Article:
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Led Zeppelin IV: Led Zeppelin - Classic Album Review

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by Steven G (subscribe)
Too much tertiary education... Former performer/wrestler...Former teacher... Scientist... Published author... Father... Want to be a writer if I grow up...
Published April 1st 2019
More than a mere stairway
After the rather incredible response to my review of The Who's album Who's Next, I decided to listen to another absolutely brilliant album from the same era.

That album is Led Zeppelin IV by Led Zeppelin.
Led Zeppelin, Led Zep, Led Zeppelin IV, Stairway To Heaven, band, John Bonham, Robert Plant, Jimmy Page, John Paul Jones


Technically, the album has no title, but is called Led Zeppelin IV following the naming structure of the first three albums, but is also known as Zoso or Four Symbols. We'll stick with Led Zeppelin IV. Now, as a band, Led Zeppelin have already garnered some attention from me in another column, as their first two albums were mind-blowing. But this album has gone down as their pinnacle. Every track is a good one (or better than just 'good') and it holds what has become the epitome of classic rock in the track 'Stairway To Heaven'.

It is probably unfortunate that this album is all many people remember of the members of Led Zeppelin. While John Bonham sadly passed away in 1980, the other three members have continued to release some awesome music. Robert Plant's output has covered a wide variety of styles and musical genres, but for me his best work was the album Raising Sand with Alison Krauss. Just amazing. Jimmy Page has released some good albums, Outrider being great, No Quarter with Robert Plant superb, and Coverdale/Page with David Coverdale amazing. John Paul Jones, on the other hand, has been a little quieter, but when he was involved with a band as great as Them Crooked Vultures, you know he was far from restring on his laurels.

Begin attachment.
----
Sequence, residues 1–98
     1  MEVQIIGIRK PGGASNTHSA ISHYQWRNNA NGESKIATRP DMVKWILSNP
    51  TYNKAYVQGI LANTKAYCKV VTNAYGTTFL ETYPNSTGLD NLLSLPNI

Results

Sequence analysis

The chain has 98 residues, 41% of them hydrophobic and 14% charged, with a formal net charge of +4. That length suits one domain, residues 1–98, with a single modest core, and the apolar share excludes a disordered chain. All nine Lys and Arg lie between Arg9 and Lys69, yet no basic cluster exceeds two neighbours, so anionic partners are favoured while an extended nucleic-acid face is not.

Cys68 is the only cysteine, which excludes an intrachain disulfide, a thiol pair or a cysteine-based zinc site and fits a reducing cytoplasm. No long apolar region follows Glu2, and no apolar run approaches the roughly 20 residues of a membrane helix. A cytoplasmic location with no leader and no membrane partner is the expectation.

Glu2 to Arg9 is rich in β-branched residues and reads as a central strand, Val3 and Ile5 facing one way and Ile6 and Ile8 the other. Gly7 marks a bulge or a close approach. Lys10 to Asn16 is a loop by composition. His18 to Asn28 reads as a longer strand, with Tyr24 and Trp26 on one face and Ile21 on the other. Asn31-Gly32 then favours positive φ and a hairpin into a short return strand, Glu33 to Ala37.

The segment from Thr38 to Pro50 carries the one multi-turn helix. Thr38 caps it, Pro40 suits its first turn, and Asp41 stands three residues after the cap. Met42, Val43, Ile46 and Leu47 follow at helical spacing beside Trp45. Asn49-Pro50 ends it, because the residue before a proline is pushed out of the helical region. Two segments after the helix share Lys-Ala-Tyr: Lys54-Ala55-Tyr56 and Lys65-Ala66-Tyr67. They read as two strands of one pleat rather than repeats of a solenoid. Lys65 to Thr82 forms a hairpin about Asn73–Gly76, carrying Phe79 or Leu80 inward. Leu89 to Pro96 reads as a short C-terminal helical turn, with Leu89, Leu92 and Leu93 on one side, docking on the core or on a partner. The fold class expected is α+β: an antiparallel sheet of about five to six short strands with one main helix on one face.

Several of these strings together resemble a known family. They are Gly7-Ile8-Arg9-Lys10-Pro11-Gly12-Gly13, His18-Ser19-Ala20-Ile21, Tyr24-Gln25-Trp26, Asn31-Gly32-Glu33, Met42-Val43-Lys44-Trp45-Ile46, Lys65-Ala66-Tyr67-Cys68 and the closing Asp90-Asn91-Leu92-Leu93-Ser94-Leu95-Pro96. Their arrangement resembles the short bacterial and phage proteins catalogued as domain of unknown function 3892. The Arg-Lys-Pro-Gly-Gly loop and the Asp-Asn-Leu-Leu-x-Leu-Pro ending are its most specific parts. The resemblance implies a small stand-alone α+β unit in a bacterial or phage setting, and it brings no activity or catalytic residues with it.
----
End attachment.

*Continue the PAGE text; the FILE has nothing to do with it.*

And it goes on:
Still, for all of them, the spectre of Led Zeppelin hangs over them like a shadow of the past.

Thus we come to this album. After the magnificent debut Led Zeppelin, its amazing follow up Led Zeppelin II and the different Led Zeppelin III, in 1971 the band released this album. There is a reason it is referred to as a classic.

Side One (yes, I will still refer to sides… live with it) opens with a guitar, and the Robert Plant's voice: "Hey, hey, mama, said the way you move, makes me sweat, makes me groove…" 'Black Dog' is the track and the sonic assault starts straight away. With a unique tempo pattern, an incredible guitar riff and Plant's soaring vocals, you know straight away that this album is different. One of the great opening tracks from any album.

Live version.

What follows next is a statement of intent. 'Rock And Roll' tells the listener exactly what they are getting here: "Been a long time since I rock and rolled…" are the opening words. With some wild Bonham drumming and another incredible guitar riff, this song might be almost nostalgic in its theme, but this (along with The Who) is where hard rock learnt its trade.

'The Battle Of Evermore' featuring Sandy Denny helping out with vocals is next, and this change of pace is really well timed and it is a tribute to Page's production that it does not jar. Featuring mandolin, this folk-rock turn is a beautiful song, based on something from Scottish history. The closest thing to a ballad on the album.